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Picking a travel outfitter/agency for month-long trip to East Africa

Picking a travel outfitter/agency for month-long trip to East Africa

May 6th, 2005, 09:45 AM
Original Poster
Join Date: May 2005
Posts: 3
Picking a travel outfitter/agency for month-long trip to East Africa

What an amazing board! I'm so glad someone on Lonely Planet pointed me in this direction.

I'm starting to plan a trip-for-a-lifetime for my husband, whose employer offers paid sabbaticals every seven years (yeah I wish I had one too). He's planning on going for one month around Spring or Summer of 06. I confess to being completely overwhelmed by the scope and number of agencies and outfitters out there (both US and Africa-based) and was hoping for some suggestions on which way to turn.

My husband is relatively fit and likes active vacations in remote areas. I'm struggling to figure out the best provider because budget is not a concern - this is a pretty rare opportunity, so we'll spend more if we have to - but we do not need or want the superposh lodges featured in Vogue. He likes tents (so long as its relatively clean) and does not need plush lodgings at all. I think the ideal situation would be a private guide (or one or two other travelers), deluxe tents, some walking/trekking, and lots of animals. He does not want to do Kilimanjaro - he's not a "suffer because its there" kind of person - but would consider trekking elsewhere.

Now... who should we turn to? A budget provider like Good Earth (do they do more deluxe tents as well)? A higher-end outfitter like CCA (ask them to dial down the luxury part)? A travel agent (I have a few name from Conde Nast but worry they may be on the luxury lodge end of things)?

All ideas/thoughts appreciated. Thanks!
shwang is offline  
May 6th, 2005, 01:43 PM
Join Date: Apr 2005
Posts: 13
I'm having the same concern. How to pick a reputable outfitter/agency. My #1 interest is seeing wildlife. The luxury lodging is not something I'm interested in but it seems to be a major part of many safaris. I'd be completely happy in mobile tents or permanent tents. I hope we get some good feed back about this topic. I'm also planning to travel summer of 2006 so I have a little time to plan. I'd like to fly over using frequent flyer miles so I may have to pick a safari and book air sometime this summer.
tulip44 is offline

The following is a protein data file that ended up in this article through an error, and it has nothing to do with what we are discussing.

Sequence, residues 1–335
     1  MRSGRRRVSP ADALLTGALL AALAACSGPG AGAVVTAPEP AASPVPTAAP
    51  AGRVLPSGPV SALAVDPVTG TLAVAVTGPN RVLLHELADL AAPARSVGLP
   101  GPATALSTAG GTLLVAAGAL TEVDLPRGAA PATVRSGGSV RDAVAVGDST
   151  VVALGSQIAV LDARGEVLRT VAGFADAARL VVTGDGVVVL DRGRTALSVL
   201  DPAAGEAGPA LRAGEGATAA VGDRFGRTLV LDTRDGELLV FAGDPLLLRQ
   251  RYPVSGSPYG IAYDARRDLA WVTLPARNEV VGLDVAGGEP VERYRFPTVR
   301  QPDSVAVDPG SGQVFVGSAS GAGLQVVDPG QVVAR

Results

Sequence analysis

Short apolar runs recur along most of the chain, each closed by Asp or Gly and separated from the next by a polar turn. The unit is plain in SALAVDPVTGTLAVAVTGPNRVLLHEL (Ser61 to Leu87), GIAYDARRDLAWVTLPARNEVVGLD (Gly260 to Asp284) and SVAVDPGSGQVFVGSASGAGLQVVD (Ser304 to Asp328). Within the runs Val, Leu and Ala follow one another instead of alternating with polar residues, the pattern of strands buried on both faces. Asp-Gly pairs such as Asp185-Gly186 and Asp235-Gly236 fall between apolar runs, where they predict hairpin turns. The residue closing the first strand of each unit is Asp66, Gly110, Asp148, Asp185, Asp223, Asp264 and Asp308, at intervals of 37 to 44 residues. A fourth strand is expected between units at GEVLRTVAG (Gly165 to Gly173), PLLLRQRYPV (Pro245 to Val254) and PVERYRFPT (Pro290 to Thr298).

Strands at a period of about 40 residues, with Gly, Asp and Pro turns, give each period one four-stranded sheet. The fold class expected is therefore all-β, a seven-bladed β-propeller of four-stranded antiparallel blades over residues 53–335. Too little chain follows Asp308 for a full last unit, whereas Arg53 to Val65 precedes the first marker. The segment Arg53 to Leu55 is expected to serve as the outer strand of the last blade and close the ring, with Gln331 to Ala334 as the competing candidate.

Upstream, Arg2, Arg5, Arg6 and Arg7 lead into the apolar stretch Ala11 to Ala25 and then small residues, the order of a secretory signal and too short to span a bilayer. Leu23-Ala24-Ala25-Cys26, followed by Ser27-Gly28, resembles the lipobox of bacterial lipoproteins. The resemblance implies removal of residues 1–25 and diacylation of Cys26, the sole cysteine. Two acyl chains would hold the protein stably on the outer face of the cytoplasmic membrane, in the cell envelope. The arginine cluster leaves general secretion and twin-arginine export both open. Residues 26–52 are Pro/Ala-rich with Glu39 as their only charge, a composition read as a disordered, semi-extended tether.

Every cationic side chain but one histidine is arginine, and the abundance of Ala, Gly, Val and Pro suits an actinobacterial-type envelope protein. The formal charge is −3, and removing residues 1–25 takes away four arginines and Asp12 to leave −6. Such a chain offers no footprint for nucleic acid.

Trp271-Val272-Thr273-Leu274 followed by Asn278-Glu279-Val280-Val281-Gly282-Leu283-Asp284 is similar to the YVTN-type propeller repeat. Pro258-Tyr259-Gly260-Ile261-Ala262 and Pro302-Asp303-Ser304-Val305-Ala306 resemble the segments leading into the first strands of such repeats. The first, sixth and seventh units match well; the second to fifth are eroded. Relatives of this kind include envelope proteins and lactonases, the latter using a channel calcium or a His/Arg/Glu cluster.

May 6th, 2005, 03:29 PM
Join Date: Jan 2003
Posts: 12,950
I think it's not so much how to pick a reputable operator but how to choose from amongst the many reputable operators.

If you read some of the past trip reports here, I think you'll find that, with few minor exceptions, people are overwhelmingly positive about their experience with their particular safari operator. From these trip reports, you should be able to put together a list to contact.

I (and many others here) also prefer to work directly with in country safari operators. In other words, the actual ground handler who will be providing the services rather than an out of country agent. That's not to say there's anything wrong with working with a US agent if that's your preference. You asked for direction, so I'm giving my (obviously biased) opinion

The things you're looking for - private guide, deluxe tents, some walking/trekking, lots of animals - are all fairly standard so almost any of the operators mentioned here can provide you with this. The exception being a few camps in Tanzania which can only be booked by certain operators. And if you're set on staying at one of these camps, then you don't have much choice as far as operators anyway. I haven't come across this situation (yet) in Kenya.

I think the key is to find an operator who listens to you and is responsive to your needs, and also one doesn't try to push you toward a certain set itinerary or their preferred lodging contractors. And that you'll sort of have to discover on your own during the process of contacting each one. Ultimately, you have to go with the one you feel most comfortable with and not necessarily someone else's specific recommendation.

There, Safari Operator Selection Philosophy 101 by Patty
Patty is offline  
May 6th, 2005, 06:13 PM
Join Date: Nov 2004
Posts: 14,440
Patty, Enjoyed the philosophy course!

Shwang, I am quite jealous. With your advance planning you'll have a great trip. I actually have a refundable deposit down on 2006!